London-based fashion label KTZ has apologized to an Inuit woman after replicating a shaman robe worn by the woman’s great-grandfather without permission. The sweater, which bears a striking similarity to the sacred garment, was being sold for $900, but has since been pulled from stores and the company’s website.

Salome Awa, a producer at CBC North, told the news station KTZ had issued an apology, but described it as bittersweet. “Over the last 20 years KTZ has always been inspired by and paid homage to indigenous cultures and tribes around the world,” an excerpt from the brand’s email reads. “We sincerely apologize to you and anyone who felt offended by our work as it certainly wasn’t our intention.” Awa believes KTZ should have contacted the family in the first place. “I’m not fully satisfied, they have not offered any monetary compensation from their gains,” she said. Awa says the label could have asked her family if they wanted the sweater’s proceeds to be given to a charity.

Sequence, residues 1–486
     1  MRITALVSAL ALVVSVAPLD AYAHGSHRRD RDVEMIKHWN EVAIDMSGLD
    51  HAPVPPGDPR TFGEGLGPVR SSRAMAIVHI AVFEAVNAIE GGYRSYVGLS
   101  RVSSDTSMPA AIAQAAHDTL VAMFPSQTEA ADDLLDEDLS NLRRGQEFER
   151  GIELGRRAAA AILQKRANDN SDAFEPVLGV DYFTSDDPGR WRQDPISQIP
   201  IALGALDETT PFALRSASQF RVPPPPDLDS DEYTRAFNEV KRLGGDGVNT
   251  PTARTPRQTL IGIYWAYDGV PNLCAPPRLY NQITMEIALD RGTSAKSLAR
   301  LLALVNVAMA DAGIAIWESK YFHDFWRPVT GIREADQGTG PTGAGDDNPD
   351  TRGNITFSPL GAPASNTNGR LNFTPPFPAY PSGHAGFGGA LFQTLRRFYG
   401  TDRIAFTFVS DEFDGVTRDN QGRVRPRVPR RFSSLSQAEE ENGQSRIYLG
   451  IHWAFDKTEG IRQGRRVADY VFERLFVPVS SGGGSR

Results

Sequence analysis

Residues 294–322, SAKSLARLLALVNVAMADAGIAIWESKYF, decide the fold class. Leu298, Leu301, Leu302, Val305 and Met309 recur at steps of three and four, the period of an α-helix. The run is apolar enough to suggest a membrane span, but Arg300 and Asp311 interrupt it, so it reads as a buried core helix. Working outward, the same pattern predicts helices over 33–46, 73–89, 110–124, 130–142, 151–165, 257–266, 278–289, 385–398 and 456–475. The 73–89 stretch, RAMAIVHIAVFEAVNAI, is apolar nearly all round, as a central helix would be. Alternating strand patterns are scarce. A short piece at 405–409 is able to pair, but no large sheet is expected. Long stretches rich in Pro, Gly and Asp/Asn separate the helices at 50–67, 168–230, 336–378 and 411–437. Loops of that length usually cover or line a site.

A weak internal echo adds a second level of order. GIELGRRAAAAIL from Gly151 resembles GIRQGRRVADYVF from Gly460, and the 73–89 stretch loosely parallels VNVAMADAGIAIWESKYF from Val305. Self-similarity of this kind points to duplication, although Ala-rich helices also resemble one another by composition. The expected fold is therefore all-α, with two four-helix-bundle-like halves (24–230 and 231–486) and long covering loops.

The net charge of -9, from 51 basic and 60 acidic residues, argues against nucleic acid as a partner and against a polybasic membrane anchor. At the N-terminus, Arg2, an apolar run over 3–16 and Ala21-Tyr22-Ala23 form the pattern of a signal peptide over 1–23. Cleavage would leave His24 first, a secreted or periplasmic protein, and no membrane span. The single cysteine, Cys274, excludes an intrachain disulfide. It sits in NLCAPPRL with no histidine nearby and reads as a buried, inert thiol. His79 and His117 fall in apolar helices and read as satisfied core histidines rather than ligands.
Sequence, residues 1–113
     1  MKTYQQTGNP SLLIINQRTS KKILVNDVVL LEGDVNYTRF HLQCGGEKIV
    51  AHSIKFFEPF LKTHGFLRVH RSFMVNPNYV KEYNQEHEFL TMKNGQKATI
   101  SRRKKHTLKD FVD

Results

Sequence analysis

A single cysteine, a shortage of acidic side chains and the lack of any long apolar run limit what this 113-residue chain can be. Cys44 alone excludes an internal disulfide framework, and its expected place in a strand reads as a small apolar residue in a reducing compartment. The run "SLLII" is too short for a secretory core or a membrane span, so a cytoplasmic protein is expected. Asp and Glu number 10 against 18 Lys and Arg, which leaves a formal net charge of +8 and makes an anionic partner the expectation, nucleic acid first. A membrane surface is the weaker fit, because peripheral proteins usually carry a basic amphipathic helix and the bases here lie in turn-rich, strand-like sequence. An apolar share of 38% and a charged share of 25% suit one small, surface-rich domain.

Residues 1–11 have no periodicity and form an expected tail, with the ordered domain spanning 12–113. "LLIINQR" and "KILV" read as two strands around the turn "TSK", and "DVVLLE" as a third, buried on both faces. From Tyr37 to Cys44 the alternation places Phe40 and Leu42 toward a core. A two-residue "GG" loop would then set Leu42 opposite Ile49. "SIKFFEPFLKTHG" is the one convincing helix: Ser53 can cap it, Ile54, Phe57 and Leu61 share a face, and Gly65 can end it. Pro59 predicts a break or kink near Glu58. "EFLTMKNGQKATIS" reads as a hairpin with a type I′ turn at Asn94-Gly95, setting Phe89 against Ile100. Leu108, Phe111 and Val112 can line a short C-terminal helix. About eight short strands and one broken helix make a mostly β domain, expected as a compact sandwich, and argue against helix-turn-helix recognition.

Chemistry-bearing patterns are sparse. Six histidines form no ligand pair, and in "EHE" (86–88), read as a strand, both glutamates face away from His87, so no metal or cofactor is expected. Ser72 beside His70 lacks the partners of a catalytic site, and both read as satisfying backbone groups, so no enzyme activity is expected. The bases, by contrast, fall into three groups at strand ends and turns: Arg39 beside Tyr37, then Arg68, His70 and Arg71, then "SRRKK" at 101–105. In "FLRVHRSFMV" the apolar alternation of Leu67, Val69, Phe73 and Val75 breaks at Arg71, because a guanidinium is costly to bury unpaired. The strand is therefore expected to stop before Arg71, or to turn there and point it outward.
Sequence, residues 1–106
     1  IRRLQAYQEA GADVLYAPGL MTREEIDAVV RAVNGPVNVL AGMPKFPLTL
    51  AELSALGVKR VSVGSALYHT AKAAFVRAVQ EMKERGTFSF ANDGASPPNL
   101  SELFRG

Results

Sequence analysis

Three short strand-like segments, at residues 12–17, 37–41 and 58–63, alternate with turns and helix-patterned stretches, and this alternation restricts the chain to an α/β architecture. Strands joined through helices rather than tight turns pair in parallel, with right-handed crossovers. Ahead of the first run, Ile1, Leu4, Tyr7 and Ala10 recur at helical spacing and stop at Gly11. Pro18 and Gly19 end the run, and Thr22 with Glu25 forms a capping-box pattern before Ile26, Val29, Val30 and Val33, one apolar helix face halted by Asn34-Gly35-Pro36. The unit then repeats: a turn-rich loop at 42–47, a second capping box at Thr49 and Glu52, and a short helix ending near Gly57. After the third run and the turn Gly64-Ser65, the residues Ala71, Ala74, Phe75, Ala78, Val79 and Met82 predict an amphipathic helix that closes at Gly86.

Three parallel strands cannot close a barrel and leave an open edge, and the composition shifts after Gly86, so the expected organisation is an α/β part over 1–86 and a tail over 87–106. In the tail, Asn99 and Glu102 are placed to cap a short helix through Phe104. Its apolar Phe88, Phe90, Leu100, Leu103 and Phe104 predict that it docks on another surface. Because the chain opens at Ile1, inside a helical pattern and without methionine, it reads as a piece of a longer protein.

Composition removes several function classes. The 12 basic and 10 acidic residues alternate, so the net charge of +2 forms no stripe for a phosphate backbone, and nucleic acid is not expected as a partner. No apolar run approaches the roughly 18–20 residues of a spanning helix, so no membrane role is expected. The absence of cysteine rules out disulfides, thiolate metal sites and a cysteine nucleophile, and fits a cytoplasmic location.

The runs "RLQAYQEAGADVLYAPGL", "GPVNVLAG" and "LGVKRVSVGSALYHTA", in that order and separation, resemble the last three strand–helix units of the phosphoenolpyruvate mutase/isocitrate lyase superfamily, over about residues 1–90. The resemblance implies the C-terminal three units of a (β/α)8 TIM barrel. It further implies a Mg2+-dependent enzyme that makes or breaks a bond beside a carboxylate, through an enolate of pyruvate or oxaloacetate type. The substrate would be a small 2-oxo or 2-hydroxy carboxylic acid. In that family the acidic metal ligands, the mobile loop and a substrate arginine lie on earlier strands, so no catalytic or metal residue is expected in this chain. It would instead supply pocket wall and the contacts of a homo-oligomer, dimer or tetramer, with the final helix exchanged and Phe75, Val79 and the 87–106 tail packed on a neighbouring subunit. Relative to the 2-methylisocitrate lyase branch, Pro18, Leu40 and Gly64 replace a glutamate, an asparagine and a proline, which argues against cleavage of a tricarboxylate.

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KTZ has a history of appropriating designs from indigenous cultures. Other pieces from their Fall 2015 collection included a style that looked very similar to a design by a Northern Cheyenne/Crow fashion designer called B. Yellowtail. While the shaman sweater has been removed from KTZ’s website, other designs still remain, including ones featuring Inuktitut syllabics.


Contact the author at marie.lodi@jezebel.com.

Image via Getty.